The Congress is poised to win both seats in the state and had secured 47.59% of the vote share.

Since May last year, Manipur’s two major communities, the Meiteis and the Kuki-Zomi tribal groups, have been embroiled in a fierce conflict.
The civil war has left over 227 dead, displaced 70,000 people from their homes and led to an unofficial partition along ethnic lines, all on the watch of Bharatiya Janata Party governments at both state and the Centre. On June 4, the bitterly divided communities appeared to have united – in their rejection of the BJP.
As of 9 pm, the Congress was on course to win both Inner Manipur and Outer Manipur constituencies, with a 47.59% vote share as opposed to 16.58% for the BJP and 18.7% for its ally Naga People’s Front.
The Congress candidate for Inner Manipur, A Bimol Akoijam, was leading over his BJP rival Thounaojam Basanta Singh by over 1 lakh votes. In Outer Manipur, the party’s Alfred Kanngam S Arthur had a lead of 85,000 votes over Kachui Timothy Zimik, the candidate of Naga People’s Front.
“It appears to be a decisive vote against the BJP in Manipur from all communities,” said a Zomi activist, who did not want to be identified. “Even the Meitei voter who has been sold hate and vitriol for the past 12 months seems to be fed up and disillusioned.”
Chief Minister N Biren Singh of the BJP has been criticised not just for its failure to contain the violence but also for stoking Meitei majoritarian sentiments. Prime Minister Narendra Modi has not visited the strife-torn state since the start of the conflict.
“This mandate should open the eyes of the government of India,” said L Somrendra Singh, a 54-year-old teacher in Moirang town.
Political scientist Kham Khan Suan Hausing said the result was a vote against the “double-engine sarkar”, referring to the BJP state and central governments. “The result demonstrates that the cocktail of majoritarian and electoral politics has its limits.”

Biren rebuffed
The Inner Manipur seat, which spans most of the Imphal valley districts, saw a contest between Akoijam, a teacher at Jawaharlal Nehru University, and Thounaojam Basanta Singh, a state Cabinet minister.
Imphal-based political scientist Senjam Mangi Singh attributed the BJP’s poor performance in Inner Manipur to two factors. Voters were disappointed with the Central government in general and Prime Minister Modi in particular, and also had faith in the ability and competence of Bimol Akoijam as a political leader. “Many have come to equate the silence of the prime minister with indifference,” said Singh.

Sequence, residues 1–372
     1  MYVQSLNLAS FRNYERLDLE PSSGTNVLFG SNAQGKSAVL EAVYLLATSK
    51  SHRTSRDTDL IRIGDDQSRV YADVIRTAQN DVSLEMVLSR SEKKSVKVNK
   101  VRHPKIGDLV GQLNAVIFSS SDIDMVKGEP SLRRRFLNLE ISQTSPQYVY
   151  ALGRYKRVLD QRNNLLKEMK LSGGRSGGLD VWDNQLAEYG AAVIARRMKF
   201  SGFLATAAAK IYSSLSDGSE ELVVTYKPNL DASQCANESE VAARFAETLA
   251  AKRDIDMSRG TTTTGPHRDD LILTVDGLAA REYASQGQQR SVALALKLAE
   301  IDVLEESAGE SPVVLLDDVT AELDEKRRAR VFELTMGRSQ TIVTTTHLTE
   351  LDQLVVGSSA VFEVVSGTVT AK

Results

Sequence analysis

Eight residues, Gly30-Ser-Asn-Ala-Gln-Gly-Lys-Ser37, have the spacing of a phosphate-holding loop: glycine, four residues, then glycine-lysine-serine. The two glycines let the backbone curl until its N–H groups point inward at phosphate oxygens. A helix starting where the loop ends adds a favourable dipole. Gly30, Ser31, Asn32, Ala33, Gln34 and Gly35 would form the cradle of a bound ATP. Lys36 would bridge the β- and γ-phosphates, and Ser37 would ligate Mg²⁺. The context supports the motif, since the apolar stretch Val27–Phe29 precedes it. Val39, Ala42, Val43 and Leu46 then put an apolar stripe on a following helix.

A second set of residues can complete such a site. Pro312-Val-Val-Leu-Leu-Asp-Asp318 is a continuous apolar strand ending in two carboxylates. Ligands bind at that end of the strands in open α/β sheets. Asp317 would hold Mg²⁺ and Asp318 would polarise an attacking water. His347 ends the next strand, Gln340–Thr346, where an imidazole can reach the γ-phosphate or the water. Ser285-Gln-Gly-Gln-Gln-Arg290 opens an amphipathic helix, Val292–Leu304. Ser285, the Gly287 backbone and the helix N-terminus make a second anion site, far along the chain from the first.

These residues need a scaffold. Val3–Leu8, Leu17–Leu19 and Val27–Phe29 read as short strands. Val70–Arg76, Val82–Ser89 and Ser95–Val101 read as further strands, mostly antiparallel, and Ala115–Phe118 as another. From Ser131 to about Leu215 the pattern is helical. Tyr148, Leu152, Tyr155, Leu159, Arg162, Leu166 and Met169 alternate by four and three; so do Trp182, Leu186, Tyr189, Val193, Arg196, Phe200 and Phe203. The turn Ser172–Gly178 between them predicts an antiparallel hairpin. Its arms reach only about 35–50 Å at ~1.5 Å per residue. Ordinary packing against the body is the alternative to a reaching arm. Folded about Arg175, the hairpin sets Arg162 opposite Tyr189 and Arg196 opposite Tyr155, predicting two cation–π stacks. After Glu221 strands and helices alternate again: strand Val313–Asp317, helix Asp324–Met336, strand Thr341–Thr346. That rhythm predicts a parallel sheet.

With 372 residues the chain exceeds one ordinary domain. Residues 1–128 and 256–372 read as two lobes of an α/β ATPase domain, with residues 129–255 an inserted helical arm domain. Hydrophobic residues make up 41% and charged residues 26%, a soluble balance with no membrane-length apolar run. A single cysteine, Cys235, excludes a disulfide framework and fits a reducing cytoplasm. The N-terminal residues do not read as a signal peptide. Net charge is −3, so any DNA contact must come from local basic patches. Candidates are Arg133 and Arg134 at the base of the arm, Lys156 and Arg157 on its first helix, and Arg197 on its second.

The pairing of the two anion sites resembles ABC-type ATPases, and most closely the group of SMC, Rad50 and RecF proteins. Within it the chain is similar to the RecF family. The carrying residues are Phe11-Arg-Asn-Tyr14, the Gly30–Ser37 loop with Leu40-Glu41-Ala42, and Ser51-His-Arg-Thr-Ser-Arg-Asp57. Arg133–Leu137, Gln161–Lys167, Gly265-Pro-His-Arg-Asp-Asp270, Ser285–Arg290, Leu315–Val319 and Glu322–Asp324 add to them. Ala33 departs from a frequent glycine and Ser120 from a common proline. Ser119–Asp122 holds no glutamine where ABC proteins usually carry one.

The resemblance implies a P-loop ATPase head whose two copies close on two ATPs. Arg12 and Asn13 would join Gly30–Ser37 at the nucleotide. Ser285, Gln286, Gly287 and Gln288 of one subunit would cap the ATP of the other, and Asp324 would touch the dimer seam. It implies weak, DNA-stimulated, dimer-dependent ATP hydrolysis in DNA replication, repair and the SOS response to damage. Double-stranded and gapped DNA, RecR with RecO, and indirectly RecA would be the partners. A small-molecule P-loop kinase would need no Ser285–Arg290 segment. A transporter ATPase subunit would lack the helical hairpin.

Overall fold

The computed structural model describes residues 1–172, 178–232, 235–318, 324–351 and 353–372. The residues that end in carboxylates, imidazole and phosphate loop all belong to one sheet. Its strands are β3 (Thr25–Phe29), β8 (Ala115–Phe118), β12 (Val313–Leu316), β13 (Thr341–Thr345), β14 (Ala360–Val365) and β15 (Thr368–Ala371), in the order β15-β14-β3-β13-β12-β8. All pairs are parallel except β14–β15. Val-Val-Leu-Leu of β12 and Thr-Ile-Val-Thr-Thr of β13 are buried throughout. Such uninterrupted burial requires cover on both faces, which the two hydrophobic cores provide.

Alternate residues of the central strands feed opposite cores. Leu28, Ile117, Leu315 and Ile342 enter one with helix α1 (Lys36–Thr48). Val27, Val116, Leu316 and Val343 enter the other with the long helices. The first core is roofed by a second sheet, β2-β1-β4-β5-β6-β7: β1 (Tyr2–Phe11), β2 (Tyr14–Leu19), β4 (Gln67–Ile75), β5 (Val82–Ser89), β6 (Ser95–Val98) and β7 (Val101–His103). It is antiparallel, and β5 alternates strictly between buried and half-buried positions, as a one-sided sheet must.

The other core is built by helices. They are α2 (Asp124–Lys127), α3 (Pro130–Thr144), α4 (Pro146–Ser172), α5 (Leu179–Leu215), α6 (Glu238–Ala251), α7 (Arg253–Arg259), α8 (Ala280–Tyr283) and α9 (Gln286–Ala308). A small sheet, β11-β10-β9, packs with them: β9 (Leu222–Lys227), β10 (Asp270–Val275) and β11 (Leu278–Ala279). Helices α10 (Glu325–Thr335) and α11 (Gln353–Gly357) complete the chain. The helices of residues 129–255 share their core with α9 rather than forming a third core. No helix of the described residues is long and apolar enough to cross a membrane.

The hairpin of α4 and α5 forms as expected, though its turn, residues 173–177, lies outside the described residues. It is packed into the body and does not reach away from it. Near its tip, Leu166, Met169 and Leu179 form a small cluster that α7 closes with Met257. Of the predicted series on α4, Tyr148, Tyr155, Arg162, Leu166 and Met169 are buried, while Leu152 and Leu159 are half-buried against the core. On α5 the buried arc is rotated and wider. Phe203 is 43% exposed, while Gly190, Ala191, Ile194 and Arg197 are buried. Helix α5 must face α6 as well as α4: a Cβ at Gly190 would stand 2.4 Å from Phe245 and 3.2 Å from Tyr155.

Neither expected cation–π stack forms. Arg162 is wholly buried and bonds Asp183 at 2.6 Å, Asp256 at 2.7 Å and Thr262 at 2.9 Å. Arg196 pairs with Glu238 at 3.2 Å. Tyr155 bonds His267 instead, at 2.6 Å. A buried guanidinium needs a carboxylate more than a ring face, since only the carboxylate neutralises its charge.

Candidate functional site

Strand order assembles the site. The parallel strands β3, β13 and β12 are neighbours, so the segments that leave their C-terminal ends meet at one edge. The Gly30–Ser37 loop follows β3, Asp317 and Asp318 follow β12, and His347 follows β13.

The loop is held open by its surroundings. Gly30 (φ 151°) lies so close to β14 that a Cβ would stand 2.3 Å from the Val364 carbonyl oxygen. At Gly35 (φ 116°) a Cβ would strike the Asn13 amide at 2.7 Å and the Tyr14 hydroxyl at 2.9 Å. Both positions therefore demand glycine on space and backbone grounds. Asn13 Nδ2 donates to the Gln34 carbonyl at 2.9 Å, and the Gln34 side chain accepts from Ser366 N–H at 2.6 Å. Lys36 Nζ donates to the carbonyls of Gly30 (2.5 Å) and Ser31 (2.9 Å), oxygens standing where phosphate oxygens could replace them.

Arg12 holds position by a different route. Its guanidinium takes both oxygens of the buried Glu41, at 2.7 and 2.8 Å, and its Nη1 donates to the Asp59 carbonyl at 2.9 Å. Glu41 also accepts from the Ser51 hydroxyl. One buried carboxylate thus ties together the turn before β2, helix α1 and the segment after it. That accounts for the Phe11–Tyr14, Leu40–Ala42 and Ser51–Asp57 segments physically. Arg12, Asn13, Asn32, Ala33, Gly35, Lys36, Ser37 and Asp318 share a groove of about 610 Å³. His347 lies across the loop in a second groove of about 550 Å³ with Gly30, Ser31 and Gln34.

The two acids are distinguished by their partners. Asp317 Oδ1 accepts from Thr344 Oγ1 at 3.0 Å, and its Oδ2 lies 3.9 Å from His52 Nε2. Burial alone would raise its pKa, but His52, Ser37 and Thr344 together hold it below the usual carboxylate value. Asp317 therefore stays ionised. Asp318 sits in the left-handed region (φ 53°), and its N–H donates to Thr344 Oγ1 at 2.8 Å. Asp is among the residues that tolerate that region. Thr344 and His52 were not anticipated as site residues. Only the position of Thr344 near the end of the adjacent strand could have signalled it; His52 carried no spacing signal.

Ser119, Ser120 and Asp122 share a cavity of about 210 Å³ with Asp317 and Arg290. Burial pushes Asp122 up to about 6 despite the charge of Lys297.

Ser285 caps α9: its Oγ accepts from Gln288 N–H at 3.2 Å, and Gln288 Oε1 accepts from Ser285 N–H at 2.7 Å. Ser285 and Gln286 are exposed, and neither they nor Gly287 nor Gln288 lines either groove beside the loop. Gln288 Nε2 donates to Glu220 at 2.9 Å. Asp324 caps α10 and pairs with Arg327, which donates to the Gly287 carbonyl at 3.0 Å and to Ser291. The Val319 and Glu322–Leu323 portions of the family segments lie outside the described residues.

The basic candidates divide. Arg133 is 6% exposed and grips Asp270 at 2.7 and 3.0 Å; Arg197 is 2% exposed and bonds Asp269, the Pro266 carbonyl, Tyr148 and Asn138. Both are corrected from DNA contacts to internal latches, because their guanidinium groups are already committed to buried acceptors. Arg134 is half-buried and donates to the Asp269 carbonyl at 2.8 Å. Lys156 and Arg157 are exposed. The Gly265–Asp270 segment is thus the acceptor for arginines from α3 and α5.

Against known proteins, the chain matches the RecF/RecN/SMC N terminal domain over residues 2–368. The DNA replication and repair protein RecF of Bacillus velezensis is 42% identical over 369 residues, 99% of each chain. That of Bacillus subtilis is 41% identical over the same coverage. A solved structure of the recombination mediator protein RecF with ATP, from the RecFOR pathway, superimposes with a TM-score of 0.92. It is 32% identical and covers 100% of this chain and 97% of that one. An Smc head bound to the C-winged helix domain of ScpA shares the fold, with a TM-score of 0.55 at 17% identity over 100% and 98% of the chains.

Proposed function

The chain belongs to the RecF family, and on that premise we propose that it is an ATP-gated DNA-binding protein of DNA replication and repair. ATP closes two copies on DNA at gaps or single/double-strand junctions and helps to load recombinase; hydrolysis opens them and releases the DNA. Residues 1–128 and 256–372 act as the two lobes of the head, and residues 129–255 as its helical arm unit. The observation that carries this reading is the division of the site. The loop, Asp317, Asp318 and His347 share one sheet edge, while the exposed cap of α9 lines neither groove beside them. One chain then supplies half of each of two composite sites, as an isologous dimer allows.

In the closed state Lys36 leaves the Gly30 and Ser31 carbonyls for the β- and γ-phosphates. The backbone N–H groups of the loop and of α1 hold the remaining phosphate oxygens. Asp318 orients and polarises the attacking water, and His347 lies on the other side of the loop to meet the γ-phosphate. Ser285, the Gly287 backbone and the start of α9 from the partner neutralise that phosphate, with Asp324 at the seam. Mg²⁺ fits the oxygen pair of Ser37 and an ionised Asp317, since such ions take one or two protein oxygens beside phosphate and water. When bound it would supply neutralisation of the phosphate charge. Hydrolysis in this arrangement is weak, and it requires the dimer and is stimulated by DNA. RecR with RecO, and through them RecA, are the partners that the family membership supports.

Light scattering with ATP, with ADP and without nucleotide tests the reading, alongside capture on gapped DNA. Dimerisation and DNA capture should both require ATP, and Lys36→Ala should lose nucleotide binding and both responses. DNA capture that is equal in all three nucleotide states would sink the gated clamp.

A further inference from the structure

Akoijam is known to be an articulate advocate for the Meitei cause and he drew a positive response, especially from educated voters. “The Congress rode on the shoulder of Bimol Akoijam,” said the editor of an Imphal-based English daily.
Despite an anti-incumbency sentiment against the BJP, the Congress was up against the strong-arm tactics of the Arambai Tenggol, a radical Meitei militia group believed to be close to the Biren Singh government. Its cadres had allegedly threatened Akoijam during the campaign.
The verdict is being seen as a rebuff to Biren Singh, who has been criticised for ignoring his constitutional duties as the chief minister and taking on the role of an ethnic strongman to placate the Meiteis.
“People, especially Meitei voters, are utterly tired of the divisive politics the current regime is playing, especially on ethnic lines,” said an editor at Ukhrul Times, an online daily that operates from the Naga Hills.

The tribal vote
In Outer Manipur, home to Manipur’s two major tribal communities, the Nagas and Kuki-Zos as well as a sizeable chunk of Meitei voters, the BJP did not run in the election. However, its ally, the Naga People’s Front, put up Timothy Zimik, a retired bureaucrat, as its candidate.
The Kuki-Zo groups had decided against putting up a candidate in protest against the ethnic violence. The community appeared to have sided with Arthur, who has a record of espousing the cause of tribal rights. They believe he will advance the greater cause of tribal solidarity.
“This worked out for Arthur as many Kuki-Zo votes went to him,” the Ukhrul Times editor said.
Political scientist Senjam Mangi Singh said that in Outer Manipur, “Meiteis, who are traditional Congress supporters, and Kukis appear to have helped Arthur”.
The Ukhrul Times editor also pointed out that there was resentment among the Nagas against the Naga People’s Front, as the incumbent MP, Lorho S Pfoze, had failed to speak up for the Naga cause. “None of the issues related to the Naga political solution were allowed to be raised in Parliament because NPF is an ally of BJP,” the editor said.

He was referring to the long-running demand for a sovereign Naga homeland, which spawned India’s oldest insurgency. In 2015, the Centre signed a framework agreement that was to lay the ground for a peace accord with the largest Naga militant group, the National Socialist Council of Nagalim (Isak-Muivah faction). Since then, there has been a deadlock over the separate Naga flag and Naga Constitution.

Cuortesy: The Scroll

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